I’LL keep a little tavern
Below the high hill’s crest,
Wherein all grey-eyed people
May set them down and rest.
There shall be plates a-plenty,
And mugs to melt the chill
Of all the grey-eyed people
Who happen up the hill.
There sound will sleep the traveller,
And dream his journey’s end,
But I will rouse at midnight
The falling fire to tend.
Aye, ’tis a curious fancy—
But all the good I know
Was taught me out of two grey eyes
A long time ago.
~ Edna St. Vincent Millay, 1917
Poet and playwright Edna St. Vincent Millay was born in Rockland, Maine, USA on February 22, 1892. She was raised, along with two sisters, by her strong, independent mother.
At the age of 20, Millay entered her poem "Renascence" into a contest and won fourth place and publication in The Lyric Year, as well as critical acclaim and a Vassar scholarship. In college, she continued to write poetry and became involved in the theater. She also developed intimate relationships with several women, ultimately considering herself bisexual.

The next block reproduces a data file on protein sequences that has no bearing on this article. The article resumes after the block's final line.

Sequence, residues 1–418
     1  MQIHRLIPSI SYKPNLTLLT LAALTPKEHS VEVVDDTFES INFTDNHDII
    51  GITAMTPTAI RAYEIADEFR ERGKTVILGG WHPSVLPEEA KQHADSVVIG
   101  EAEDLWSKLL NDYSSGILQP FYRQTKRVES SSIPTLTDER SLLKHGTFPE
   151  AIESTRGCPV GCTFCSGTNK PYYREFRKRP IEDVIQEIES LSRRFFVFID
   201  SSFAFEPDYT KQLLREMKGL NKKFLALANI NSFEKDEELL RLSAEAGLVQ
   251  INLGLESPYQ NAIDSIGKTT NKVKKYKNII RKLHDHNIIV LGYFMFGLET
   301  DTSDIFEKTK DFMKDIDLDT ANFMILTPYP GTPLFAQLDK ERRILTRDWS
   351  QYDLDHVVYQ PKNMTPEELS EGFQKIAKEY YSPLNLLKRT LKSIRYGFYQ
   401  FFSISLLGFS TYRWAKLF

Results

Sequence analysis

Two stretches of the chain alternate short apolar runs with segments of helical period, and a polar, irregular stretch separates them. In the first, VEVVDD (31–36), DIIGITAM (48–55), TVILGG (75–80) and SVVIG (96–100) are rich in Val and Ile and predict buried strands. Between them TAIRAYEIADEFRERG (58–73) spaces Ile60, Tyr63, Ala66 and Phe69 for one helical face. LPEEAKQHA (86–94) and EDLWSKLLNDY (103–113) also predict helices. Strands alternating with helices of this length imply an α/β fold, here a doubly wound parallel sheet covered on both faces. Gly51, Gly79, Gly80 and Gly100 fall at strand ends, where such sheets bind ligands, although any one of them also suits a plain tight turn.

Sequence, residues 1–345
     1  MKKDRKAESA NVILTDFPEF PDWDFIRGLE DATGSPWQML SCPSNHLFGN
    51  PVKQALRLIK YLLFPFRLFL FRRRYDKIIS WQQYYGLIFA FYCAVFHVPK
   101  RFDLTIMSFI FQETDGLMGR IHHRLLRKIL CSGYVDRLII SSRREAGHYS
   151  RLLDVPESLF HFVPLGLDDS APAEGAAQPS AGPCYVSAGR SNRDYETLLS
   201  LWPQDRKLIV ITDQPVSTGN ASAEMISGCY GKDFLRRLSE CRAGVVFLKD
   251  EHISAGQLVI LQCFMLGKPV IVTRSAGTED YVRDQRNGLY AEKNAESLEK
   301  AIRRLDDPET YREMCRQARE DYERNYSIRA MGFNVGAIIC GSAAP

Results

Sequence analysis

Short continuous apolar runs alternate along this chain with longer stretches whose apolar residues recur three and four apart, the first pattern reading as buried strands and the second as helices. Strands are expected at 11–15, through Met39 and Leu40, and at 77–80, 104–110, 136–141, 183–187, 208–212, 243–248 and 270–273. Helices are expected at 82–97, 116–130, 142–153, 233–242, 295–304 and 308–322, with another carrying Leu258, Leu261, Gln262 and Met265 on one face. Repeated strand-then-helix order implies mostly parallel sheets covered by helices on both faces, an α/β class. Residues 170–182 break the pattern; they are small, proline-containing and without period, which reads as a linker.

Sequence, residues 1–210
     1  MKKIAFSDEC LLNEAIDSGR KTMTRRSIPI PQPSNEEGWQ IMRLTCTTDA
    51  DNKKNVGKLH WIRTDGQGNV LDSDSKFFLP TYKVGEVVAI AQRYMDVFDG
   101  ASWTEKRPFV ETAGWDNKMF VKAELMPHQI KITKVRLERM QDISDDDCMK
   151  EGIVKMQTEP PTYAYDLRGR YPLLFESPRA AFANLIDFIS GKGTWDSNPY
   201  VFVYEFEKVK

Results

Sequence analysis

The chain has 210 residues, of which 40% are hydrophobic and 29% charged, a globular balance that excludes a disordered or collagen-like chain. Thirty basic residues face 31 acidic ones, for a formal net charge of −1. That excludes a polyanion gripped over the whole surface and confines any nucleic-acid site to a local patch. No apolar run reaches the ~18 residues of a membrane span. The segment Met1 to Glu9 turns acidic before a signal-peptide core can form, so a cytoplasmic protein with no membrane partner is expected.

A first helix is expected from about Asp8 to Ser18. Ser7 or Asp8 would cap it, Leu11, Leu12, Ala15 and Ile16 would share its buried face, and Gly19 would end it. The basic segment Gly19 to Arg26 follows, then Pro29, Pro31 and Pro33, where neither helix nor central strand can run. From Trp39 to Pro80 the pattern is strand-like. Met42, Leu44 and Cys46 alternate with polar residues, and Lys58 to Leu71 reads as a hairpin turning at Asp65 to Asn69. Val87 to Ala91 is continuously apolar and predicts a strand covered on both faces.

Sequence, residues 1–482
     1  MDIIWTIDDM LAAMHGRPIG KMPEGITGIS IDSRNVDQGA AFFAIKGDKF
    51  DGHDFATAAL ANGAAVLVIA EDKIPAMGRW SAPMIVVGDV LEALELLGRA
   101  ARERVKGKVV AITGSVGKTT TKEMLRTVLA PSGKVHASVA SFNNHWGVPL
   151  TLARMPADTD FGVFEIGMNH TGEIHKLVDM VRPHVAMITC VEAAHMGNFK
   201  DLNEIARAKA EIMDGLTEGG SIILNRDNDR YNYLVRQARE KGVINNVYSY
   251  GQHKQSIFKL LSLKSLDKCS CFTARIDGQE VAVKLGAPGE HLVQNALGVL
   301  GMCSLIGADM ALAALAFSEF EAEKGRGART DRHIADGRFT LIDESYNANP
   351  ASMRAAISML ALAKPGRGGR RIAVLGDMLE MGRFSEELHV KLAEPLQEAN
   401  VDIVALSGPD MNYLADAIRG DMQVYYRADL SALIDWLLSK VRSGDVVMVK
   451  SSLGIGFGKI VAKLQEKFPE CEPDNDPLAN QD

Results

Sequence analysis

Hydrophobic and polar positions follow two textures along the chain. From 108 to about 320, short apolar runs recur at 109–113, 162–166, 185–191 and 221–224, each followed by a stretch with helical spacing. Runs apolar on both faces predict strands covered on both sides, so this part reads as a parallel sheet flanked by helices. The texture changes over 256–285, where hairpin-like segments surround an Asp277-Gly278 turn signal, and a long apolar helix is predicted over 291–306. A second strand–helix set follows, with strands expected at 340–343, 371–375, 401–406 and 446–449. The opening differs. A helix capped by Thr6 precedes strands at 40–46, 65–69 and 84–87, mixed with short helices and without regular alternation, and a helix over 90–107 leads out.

After graduation, Millay, called Vincent by her friends, spent nearly a decade living in New York’s Greenwich Village. During this time she published a volume of poetry, three plays and a grand opera.
Millay married Eugen Boissevain when she was 31. Soon after, he gave up his own work to manage Millay's career, organizing the readings and public appearances for which she became famous. According to Millay, the couple remained "sexually open" throughout their twenty-six-year marriage, which ended with his death in 1949.
Edna St. Vincent Millay died in 1950.